Zambia bids final goodbye to Michael Sata | News | Al Jazeera

Zambia bids final goodbye to Michael Sata

Funeral procession under way in Lusaka as Zambians pay final respects to president who died in late October.

    Michael Sata died on October 28 in a London hospital while undergoing treatment for an undisclosed illness [AFP]
    Michael Sata died on October 28 in a London hospital while undergoing treatment for an undisclosed illness [AFP]

    Zambians are paying their final respects to President Michael Sata with a funeral procession in the capital Lusaka getting under way.

    Al Jazeera's Tania Page, reporting from Lusaka, said heads of states from across Africa were in attendance at Tuesday's funeral. Sata's body has been lying in state since it was returned from London last month.

    "[But] today belongs to the people of Zambia, to say farewell to the man who was known as the "King Cobra" for his sharp tongue," our correspondent said.

    On Monday. Zambia held a final requiem service for Sata ahead of his burial.

    Religious leaders from different faith groups led prayers in parliament, in a ceremony attended by diplomats and politicians, including the country's founding president Kenneth Kaunda and Sata's predecessor Rupiah Banda.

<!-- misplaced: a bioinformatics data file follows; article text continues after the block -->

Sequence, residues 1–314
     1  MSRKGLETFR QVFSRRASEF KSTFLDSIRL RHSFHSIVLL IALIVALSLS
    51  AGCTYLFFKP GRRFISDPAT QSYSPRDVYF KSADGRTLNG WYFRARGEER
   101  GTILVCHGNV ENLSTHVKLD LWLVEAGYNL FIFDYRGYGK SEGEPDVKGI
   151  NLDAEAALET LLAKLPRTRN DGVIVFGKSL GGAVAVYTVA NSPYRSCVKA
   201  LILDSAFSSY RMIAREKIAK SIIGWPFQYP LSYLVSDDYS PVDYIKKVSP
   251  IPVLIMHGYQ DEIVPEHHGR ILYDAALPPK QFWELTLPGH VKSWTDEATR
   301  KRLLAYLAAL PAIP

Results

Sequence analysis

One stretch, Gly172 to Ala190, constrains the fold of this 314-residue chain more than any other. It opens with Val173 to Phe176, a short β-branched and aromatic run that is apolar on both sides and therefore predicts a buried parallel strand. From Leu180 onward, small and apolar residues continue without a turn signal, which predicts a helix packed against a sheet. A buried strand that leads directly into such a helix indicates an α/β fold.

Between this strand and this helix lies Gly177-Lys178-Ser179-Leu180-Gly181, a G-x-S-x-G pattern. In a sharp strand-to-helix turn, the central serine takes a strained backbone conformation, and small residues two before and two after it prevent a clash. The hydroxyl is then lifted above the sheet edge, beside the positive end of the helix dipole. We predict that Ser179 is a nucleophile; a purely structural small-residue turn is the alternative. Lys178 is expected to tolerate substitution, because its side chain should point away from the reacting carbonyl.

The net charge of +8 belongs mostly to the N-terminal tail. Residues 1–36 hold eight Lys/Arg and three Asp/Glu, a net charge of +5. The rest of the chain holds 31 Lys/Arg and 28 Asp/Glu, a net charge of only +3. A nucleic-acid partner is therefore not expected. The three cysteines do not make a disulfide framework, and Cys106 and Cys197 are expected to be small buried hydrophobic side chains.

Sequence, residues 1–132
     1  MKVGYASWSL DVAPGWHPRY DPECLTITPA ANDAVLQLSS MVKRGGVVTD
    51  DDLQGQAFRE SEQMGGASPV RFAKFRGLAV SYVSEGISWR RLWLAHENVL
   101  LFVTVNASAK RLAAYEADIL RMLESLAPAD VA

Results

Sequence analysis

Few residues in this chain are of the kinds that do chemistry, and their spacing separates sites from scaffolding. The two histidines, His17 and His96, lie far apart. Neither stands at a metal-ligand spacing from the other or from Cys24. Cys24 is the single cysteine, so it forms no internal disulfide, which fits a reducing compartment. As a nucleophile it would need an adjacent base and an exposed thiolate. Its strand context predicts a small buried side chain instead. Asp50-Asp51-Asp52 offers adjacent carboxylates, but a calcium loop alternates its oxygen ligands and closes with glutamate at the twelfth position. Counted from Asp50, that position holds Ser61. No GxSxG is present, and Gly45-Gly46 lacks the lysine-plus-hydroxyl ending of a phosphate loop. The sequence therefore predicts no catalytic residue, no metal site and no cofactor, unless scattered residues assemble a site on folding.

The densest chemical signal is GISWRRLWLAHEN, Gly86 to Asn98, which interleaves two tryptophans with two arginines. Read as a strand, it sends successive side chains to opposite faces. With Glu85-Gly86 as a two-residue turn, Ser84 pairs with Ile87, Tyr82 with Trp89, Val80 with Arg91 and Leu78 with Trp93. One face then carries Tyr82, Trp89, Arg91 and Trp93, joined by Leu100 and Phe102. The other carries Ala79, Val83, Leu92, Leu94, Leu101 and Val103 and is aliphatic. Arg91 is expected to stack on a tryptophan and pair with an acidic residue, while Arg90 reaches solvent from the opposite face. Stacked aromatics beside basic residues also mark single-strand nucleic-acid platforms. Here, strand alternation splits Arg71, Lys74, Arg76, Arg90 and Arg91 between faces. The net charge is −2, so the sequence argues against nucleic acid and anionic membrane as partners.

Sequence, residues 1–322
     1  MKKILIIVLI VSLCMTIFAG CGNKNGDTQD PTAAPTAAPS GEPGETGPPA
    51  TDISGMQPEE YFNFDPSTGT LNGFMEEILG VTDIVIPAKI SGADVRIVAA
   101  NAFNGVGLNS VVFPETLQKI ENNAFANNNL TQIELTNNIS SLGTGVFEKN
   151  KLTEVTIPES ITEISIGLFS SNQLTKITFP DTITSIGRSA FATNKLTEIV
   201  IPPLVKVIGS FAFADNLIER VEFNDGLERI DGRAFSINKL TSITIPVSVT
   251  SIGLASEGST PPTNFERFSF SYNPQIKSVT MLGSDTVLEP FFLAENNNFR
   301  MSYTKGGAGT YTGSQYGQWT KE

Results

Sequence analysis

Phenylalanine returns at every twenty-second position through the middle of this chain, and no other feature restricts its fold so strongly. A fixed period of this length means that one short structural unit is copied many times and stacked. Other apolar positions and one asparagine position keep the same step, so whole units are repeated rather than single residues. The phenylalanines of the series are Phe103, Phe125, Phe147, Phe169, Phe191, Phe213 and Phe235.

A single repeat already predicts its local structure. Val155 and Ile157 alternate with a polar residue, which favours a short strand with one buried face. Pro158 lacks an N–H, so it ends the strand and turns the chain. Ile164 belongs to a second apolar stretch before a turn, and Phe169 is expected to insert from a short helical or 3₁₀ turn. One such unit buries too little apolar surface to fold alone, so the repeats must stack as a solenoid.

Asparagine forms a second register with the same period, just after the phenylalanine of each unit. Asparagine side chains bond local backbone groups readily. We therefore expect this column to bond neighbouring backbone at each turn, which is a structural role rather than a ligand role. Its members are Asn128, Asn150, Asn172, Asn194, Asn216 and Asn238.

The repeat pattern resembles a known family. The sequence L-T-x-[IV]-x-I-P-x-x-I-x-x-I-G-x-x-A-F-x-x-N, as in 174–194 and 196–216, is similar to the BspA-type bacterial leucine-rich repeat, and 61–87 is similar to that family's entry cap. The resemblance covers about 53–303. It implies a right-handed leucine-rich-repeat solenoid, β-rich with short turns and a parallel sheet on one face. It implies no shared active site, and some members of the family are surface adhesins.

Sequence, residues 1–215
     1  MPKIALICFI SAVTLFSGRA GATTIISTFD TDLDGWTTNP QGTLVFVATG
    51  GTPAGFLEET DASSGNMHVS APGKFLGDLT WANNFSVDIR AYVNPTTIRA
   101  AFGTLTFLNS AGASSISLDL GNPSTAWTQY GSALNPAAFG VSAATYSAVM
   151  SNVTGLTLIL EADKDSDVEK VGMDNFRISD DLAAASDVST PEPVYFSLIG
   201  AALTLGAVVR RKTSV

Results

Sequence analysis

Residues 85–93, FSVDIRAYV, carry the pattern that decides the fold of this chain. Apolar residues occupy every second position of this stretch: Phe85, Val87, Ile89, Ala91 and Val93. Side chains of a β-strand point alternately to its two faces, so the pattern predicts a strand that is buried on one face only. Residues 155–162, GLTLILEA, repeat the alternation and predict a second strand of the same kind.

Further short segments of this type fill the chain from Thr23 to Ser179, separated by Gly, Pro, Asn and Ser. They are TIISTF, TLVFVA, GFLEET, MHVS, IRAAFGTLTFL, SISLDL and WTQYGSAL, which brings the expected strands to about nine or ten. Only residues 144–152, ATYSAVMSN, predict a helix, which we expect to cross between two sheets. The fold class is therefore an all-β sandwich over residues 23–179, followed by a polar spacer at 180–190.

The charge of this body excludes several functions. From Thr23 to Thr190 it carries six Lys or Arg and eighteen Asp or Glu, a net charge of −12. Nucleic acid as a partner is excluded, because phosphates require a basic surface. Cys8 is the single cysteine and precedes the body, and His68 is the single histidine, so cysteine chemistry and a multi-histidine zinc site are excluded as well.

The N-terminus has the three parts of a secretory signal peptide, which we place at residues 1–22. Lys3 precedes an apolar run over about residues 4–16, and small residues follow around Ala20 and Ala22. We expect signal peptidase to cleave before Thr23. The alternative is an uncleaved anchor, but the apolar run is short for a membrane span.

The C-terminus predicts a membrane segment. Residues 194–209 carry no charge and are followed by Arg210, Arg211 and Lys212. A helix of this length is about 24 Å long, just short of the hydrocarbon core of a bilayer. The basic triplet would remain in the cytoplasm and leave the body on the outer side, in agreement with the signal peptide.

The public had until Sunday been streaming in to view the body of the 77-year-old leader who died on October 28 in a London hospital while undergoing treatment for an undisclosed illness.

    Confusion over successor

    "His wish and desire was to develop this country. His wish and desire was to bring economic development," said Bishop Alick Banda.

    Banda called on the country's new leader to fulfil Sata's wish of enacting a new constitution, a process which has been marked by delays.

    Sata had promised to deliver a new draft in the run up to his election in 2011.

    Sata is Zambia's second leader to die in office after Levy Mwanawasa's death in France in 2008.

    Vice President Guy Scott has taken over as acting president until an election is held within 90 days. 

    Our correspondent said it was still unclear who the successor would be and that the confusion had thrown the competition wide open.

    Scott - born of British parents and Africa's first white leader since South Africa's apartheid era - cannot run because Zambia's constitution bars candidates of direct foreign lineage. 

    SOURCE: Al Jazeera and agencies


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